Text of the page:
Ways to Save on Thanksgiving Dinner Ingredients
When you have a lot of guests to feed it's easy to overspend at the grocery store. One way to cut costs is to check out the New York Times' Thanksgiving-erator.
This handy online tool will help you design your menu based on your cooking style, ability and desired taste. With just a few clicks, the tool will generate a list of suggestions on what dishes will suit you and your guests. It offers plenty of delicious recipes, too.
Speaking of recipes, another easy way to cut back on costs is to simplify your ingredients. For instance, cornbread sausage stuffing is delicious, but the ingredients can be expensive. Keep your expenses down by making a traditional bread stuffing using cheaper white bread and nixing the meat.
Finally, make sure to buy pre-bagged produce. Since every bag costs the same, you can get more for your money by choosing the heaviest portion. Simply compare the weight of a few bags on a scale before you buy.
As you're preparing for your Thanksgiving dinner, keep these tips in mind in order to serve your guests for less.
Sure, it's tempting to buy those neatly trimmed broccoli florets, but in doing so you're throwing money down the drain.
"Those packaged fruits and veggies that are already diced, chopped or sliced are marked up 40% over their whole-food counterparts," consumer money saving expert Andrea Woroch says.
The same goes for meat and poultry. Buying ground beef already formed into hamburger patties, or chicken cubes on skewers, can cost as much as 60 percent more than buying the raw ingredients and doing the prep yourself. "Once again, you are paying for the convenience," Woroch says.
She offers a better idea: If you're too busy to start slicing and dicing after a long day of work, carve out some time over the weekend to prepare ingredients for use during the week.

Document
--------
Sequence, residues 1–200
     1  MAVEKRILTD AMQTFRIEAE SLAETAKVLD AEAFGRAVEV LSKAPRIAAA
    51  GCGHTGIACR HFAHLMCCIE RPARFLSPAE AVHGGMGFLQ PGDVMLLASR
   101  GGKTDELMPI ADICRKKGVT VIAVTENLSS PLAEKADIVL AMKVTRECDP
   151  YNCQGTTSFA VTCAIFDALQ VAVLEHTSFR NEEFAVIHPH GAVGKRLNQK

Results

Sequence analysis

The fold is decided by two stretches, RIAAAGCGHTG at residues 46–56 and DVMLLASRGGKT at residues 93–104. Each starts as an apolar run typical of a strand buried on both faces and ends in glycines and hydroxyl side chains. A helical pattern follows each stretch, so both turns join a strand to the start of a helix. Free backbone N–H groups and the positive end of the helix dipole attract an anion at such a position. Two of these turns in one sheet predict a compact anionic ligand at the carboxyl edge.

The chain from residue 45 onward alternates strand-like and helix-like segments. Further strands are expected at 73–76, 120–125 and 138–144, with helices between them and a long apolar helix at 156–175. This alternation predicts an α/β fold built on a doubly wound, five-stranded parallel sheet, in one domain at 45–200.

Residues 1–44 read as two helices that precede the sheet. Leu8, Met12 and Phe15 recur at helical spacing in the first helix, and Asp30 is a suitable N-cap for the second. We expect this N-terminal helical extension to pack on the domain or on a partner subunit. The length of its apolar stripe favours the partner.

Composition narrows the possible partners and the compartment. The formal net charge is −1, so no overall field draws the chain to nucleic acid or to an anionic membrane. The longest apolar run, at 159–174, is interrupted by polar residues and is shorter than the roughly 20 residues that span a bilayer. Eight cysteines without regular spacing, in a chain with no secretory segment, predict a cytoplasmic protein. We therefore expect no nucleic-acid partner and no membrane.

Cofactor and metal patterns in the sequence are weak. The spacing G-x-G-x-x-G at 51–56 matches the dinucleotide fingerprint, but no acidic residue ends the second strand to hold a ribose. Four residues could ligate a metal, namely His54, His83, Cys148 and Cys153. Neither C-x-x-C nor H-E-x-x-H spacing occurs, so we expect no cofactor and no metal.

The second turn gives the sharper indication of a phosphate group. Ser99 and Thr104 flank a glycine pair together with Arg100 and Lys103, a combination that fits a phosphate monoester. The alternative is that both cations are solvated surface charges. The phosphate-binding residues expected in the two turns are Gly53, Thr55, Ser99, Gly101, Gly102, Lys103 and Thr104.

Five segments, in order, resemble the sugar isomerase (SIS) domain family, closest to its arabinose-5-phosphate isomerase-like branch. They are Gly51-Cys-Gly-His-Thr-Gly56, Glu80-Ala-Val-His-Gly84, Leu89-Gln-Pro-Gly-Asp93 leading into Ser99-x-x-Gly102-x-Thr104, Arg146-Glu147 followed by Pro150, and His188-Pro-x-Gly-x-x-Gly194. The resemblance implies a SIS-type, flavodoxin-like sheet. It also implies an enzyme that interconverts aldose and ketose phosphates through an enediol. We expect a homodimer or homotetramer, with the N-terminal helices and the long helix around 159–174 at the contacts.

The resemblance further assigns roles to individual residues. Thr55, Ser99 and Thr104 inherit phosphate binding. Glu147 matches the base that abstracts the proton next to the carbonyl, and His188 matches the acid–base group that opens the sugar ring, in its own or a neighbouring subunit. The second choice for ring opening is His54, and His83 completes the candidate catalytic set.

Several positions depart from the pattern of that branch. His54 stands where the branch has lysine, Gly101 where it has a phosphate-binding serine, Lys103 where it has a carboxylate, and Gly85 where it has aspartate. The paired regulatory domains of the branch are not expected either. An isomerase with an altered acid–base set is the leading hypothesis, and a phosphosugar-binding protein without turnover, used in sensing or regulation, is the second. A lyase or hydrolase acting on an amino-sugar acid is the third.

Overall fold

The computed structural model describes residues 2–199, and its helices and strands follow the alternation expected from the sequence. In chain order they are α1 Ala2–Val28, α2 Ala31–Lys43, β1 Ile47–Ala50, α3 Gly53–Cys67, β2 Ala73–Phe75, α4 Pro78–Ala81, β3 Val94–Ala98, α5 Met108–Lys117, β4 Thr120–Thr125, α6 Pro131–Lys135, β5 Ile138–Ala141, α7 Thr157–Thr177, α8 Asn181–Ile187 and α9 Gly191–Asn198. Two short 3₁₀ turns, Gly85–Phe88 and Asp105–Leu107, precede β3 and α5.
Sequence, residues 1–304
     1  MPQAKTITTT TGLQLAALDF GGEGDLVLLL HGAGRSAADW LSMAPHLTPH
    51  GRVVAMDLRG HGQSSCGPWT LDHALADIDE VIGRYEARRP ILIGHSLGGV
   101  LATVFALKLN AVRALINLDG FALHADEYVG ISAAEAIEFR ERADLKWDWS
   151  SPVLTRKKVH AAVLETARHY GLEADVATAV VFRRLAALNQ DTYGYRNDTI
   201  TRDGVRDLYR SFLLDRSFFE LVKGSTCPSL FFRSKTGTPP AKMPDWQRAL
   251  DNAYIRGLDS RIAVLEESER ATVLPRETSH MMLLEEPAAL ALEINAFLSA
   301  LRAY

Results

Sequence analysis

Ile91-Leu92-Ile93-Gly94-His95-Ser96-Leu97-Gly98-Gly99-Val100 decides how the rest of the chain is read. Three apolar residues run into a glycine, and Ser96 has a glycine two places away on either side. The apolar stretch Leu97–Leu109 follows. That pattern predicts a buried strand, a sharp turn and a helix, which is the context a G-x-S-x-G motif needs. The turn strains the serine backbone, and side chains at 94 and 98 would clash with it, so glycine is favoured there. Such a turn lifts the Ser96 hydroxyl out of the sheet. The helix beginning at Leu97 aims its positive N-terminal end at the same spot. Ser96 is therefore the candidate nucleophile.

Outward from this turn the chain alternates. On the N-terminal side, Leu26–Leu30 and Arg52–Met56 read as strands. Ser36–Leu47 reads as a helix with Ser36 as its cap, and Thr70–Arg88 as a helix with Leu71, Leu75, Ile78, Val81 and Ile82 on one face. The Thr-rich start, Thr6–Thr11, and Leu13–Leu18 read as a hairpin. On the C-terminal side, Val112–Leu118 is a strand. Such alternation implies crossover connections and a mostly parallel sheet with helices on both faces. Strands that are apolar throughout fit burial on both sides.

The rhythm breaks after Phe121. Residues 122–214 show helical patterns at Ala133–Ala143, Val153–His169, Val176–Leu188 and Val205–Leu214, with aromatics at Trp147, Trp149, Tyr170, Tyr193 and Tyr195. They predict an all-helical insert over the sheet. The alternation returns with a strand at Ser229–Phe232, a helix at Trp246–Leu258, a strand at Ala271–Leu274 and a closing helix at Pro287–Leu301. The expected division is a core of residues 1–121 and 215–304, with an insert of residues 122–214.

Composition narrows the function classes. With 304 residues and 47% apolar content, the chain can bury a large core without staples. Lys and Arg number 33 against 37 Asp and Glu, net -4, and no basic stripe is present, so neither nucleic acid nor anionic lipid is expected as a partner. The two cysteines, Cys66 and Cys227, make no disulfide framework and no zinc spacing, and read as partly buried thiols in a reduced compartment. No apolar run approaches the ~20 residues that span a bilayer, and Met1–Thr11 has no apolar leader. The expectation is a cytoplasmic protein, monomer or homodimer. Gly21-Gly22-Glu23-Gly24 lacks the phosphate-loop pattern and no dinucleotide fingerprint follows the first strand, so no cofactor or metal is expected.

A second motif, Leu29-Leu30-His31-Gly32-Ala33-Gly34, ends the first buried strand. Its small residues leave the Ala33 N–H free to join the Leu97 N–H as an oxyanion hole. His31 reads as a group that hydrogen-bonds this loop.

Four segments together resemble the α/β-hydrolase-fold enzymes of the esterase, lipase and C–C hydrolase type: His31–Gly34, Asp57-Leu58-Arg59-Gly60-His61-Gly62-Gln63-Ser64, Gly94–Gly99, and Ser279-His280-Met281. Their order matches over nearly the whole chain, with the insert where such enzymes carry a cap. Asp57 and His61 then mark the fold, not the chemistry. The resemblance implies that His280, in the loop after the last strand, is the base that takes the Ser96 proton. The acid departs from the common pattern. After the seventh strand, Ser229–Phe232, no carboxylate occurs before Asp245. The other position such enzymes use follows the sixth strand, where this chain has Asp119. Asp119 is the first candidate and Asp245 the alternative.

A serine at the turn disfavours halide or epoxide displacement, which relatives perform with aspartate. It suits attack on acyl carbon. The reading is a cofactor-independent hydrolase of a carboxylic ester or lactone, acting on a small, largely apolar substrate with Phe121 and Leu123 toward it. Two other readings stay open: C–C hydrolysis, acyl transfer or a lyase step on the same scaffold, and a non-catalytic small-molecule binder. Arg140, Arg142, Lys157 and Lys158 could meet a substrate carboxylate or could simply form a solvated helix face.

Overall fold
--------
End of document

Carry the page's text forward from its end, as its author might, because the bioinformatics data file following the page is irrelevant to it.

An item's label on the supermarket shelf should list its price per ounce or unit price. Use that apples-to-apples comparison between brands to figure out which gives you the best value for your buck, advises Jeanette Pavini, household savings expert from Coupons.com.
Comparing unit prices will also help you to determine if those bulk buys are really a good deal after all. You might be surprised by what you discover.
Not all organic produce is created equal.
For example, don't waste money on organic fruits and vegetables with tough or inedible peels such as pineapples, papayas, mangos and avocados. "Most of the pesticides can be removed or washed away," Woroch says, citing WebMd research.
If you do opt for organic, make sure you're getting the real thing. Look for the organic seal certified by the USDA, which confirms the food is grown, harvested, and processed according to federal standards.
Labels that boast "natural," "hormone-free" or "antibiotic-free" don't necessarily assure that food meets organic standards.
And when it comes to seafood, the U.S. has no organic fish regulations, so "don't waste your money on false food claims," Woroch says.
Don't take a sale sign at face value, Pavini tells DailyFinance. "If a sale says five for $10, don't feel obligated to buy all five. Check the store policy: Usually you will get the same discount even if you just buy a single quantity."
If you've missed out on a store sale, don't be shy to ask your supermarket to apply the deal to a later shopping trip. "If the item you want is out of stock, have the store give you a rain check so when the items is back in stock they will honor the sale price," Pavini says.
While many fresh fruits and vegetables are available year-round, they're usually less expensive when you buy them in season. So plan your meals according to what produce is freshest. You'll pay less -- and your food will taste better, too.